Northwood center Parrish still mulling college decision


At 7-feet flat, Northwood senior Kenan Parrish isn’t used to looking up, but this season the Chargers boys basketball team brought on someone the 2023 graduate could look up to — literally and figuratively.

Northwood was aided by former UNC-Chapel Hill standout and NBA player Tyler Zeller, who served as an assistant coach during the Chargers’ run to the 2023 3A boys state title game. Standing just a shade taller than Parrish, Zeller knows what it takes to play the center position at the next level. And Parrish did all he could to soak up the big man’s knowledge of the game.

“It was awesome having him around,” Parrish said. “He’s been to every single level that I want to be at. The biggest thing I took away from him is how physical the game can be. He’s a really strong guy, and he used that to his advantage.”

Playing in all 31 games this season, Parrish was third on the team in points (9.3) and rebounds (5.1) per game. On the offensive end, he made 59.8% of his shots from the field and knocked down five of the 11 3-pointers he attempted. Perhaps even more remarkable is that he shot 78.5% from the free-throw line, a mark of consistency most big men struggle with.

Parrish said his shooting touch is one thing that separates him from some other taller forwards and centers, and it’s an ability that makes him stand out among his peers. Another underrated aspect of his game is his ability to pass the ball. Whenever opposing teams would throw a zone defense at Northwood, it was often Parrish manning the soft spot at the top of the key, catching entry passes before dishing to cutting teammates or open shooters in the corners. 

While he only had 25 assists this season, seven of them came during Northwood’s run in the state playoffs.

“(Being a good passer is) very important, and I think that helps me be a little different from other bigs,” he said. “I watch (Nikola) Jokic a lot. I watch a ton of him. He’s really good in the middle of the court and at finding teammates. He’s someone I look up to.”

Jokic, who won back-to-back MVP awards with the Denver Nuggets in 2020-21 and 2021-22, is by no means a traditional big man, known for cleaning the glass and scoring points in the paint. The special parts of Jokic’s game is his ability to find open teammates and operate more like the team’s point guard despite standing 6-foot-11.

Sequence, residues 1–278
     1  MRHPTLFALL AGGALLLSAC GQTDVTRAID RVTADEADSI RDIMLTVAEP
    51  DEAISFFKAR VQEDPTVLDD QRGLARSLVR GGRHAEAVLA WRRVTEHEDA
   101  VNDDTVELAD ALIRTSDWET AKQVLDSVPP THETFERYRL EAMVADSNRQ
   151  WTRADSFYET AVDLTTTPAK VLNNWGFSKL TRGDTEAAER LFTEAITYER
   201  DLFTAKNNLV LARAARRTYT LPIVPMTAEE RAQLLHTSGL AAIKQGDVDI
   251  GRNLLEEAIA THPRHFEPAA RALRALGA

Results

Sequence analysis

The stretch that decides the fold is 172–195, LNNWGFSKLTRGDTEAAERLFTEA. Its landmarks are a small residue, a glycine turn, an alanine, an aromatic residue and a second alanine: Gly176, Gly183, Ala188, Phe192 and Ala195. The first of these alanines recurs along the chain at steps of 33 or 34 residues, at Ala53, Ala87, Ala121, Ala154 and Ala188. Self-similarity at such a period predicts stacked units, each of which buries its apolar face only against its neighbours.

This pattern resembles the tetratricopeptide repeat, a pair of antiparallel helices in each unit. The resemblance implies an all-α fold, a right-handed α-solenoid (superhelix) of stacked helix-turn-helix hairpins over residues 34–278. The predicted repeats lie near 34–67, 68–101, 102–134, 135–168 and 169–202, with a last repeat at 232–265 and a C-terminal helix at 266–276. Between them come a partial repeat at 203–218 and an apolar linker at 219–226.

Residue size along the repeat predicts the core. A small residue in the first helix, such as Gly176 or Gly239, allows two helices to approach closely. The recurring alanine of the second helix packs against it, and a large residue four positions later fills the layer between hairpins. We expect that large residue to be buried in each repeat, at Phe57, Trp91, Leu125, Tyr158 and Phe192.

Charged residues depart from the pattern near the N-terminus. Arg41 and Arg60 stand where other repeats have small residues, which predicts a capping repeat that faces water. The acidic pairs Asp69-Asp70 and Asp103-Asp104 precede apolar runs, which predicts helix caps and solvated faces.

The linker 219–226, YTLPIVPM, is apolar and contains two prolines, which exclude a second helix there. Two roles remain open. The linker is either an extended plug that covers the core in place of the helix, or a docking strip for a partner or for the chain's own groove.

Parrish said he wants that same impact on the court. Among his chief focuses this offseason have been improving his conditioning and strength, which he hopes will allow him to stay on the court for longer stretches. While effective in his time on the floor this past season, Parrish rarely played more than 15-20 of the 32 total minutes in a game.

Despite having some areas of his game that need improvement, college coaches are starting to see the potential a player like Parrish can bring to the table with his size and skillset. 

Parrish already had offers from Army and Navy, and since this season ended he’s added two more: one from Wingate and the other from Appalachian State. The 7-footer visited the Mountaineers’ campus a few weeks ago and enjoyed what he saw, but he’s still not ready to make an decision on where he’ll play college ball.

“I’m also doing AAU, so things are pretty busy right now,” Parrish said. “I’m just trying to see how things shake out before the late signing, when I’m going to have to make a decision.”

The final day of the Division-I basketball signing period is May 17. From now until then, Parrish could very well pick up more offers as college scouts find more tape on him or see him play with his AAU team, Boo Williams.

Regardless of where he ends up, Parrish could be a diamond in the rough for a program if he continues to work on his strength, conditioning and shot-making. He should certainly benefit from a college-level training staff, who might allow him to reach his full potential sooner than people think. 

Sports Editor Jeremy Vernon can be reached at or on Twitter at @jbo_vernon.